I owe 1500 on my visa card but the money is sitting in a mini cash ISA. I'm
paying the minimum on my visa balance each month from my pay - but am
switching the balance around the 0% offers.
I'm due to switch it again soon - would I be better off paying it off and
putting the 30 or so each month into my mortgage instead?
My mortgage is already down to 4 yrs 7 months.
The usual rule of thumb is to compare the interest rates and put the money
where it is most effective either at reducing debt or generating income.
However if there is only a tiny difference in rates between your ISA and
mortgage, I'd actually opt for keeping it in the ISA so that the cash is
accessible in an emergency.
No, it would not be a good idea to crack open the ISA and use the
money to pay off the card, because you'd be losing interest at
(say) 4.8% on £1500 for 4 years in order to pay off a loan which
isn't costing you anything. You'd be down £288.
The cashflow of £30 would be going to pay off debt in both cases,
in the original case (as things are) you'd have as good as paid
off the card in 4 years, while with plan B you'd have paid the
same amount off the mortgage, which would have saved you roughly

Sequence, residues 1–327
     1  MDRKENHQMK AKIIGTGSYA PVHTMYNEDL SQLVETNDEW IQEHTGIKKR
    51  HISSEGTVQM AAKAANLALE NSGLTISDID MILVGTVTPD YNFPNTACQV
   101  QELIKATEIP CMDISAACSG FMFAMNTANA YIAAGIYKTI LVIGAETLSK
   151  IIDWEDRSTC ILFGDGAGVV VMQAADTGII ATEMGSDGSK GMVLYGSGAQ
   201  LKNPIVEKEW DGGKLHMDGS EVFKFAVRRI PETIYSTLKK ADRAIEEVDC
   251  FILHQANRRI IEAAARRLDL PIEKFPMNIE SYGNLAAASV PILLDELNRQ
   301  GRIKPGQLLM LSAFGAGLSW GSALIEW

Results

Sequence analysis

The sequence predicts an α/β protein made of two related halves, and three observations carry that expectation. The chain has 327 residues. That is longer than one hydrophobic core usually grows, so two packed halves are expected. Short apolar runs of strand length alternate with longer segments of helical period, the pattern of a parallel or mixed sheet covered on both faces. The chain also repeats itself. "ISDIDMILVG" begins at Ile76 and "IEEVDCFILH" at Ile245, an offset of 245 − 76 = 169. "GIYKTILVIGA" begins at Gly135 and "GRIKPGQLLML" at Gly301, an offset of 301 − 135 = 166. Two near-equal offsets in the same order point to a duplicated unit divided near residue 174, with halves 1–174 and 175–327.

half of 4 years' interest at (say) 6%. That's £180. So you're
still down £108.
A better idea might be plan C: Crack open the ISA and pay the £1500
off the mortgage. This would lose you £288 over 4 years as above
but would save you £360 in loan interest payments. Keep the £30
cashflow dedicated to paying off the card debt. You'd be up £72.
But is that worth:
(1) The risk that you might not be able to find 0% deals for the
full 4 years it would take you to pay off the card, and then not
have the money in the ISA any more, and suddenly find yourself
having to pay out interest at the card rate?
(2) Losing out on interest income from the £1500 in the ISA not
just for 4 years, but forever?
No, what I'd do is keep going as you are, until the 0% offers
run out. Then use the ISA money (or as much of it as necessary)
to pay off the card because it would then start costing you some
1-2% per month, which is much more than you're earning in the ISA.
Thanks very much for the replies.
I always thought the rule of thumb was to pay off debt before having
savings - however as you rightly point out - the Visa debt is costing me
nothing all the time I can shift it round the 0% deals.
I just wondered how much I would benefit from paying the Visa payment
towards my mortgage instead of the Visa but your reply puts it in
I occasionally hear wonderful things about 'overpaying' one's mortgage and
how it takes years off etc... and just wondered which was the best way to